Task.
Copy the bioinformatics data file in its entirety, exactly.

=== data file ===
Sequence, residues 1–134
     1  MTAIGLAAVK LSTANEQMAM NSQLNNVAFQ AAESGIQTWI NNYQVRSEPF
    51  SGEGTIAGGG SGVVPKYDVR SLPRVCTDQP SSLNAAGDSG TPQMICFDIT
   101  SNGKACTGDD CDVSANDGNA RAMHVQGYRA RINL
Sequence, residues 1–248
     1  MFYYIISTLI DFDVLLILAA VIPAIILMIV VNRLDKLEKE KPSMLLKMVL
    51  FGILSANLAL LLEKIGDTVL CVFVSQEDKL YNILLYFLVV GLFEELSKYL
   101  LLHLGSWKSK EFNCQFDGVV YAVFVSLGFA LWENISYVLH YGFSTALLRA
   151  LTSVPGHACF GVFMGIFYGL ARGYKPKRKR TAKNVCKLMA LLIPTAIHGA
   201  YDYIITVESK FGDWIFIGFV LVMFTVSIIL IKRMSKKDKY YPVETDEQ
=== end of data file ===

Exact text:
Sequence, residues 1–134
     1  MTAIGLAAVK LSTANEQMAM NSQLNNVAFQ AAESGIQTWI NNYQVRSEPF
    51  SGEGTIAGGG SGVVPKYDVR SLPRVCTDQP SSLNAAGDSG TPQMICFDIT
   101  SNGKACTGDD CDVSANDGNA RAMHVQGYRA RINL
Sequence, residues 1–248
     1  MFYYIISTLI DFDVLLILAA VIPAIILMIV VNRLDKLEKE KPSMLLKMVL
    51  FGILSANLAL LLEKIGDTVL CVFVSQEDKL YNILLYFLVV GLFEELSKYL
   101  LLHLGSWKSK EFNCQFDGVV YAVFVSLGFA LWENISYVLH YGFSTALLRA
   151  LTSVPGHACF GVFMGIFYGL ARGYKPKRKR TAKNVCKLMA LLIPTAIHGA
   201  YDYIITVESK FGDWIFIGFV LVMFTVSIIL IKRMSKKDKY YPVETDEQ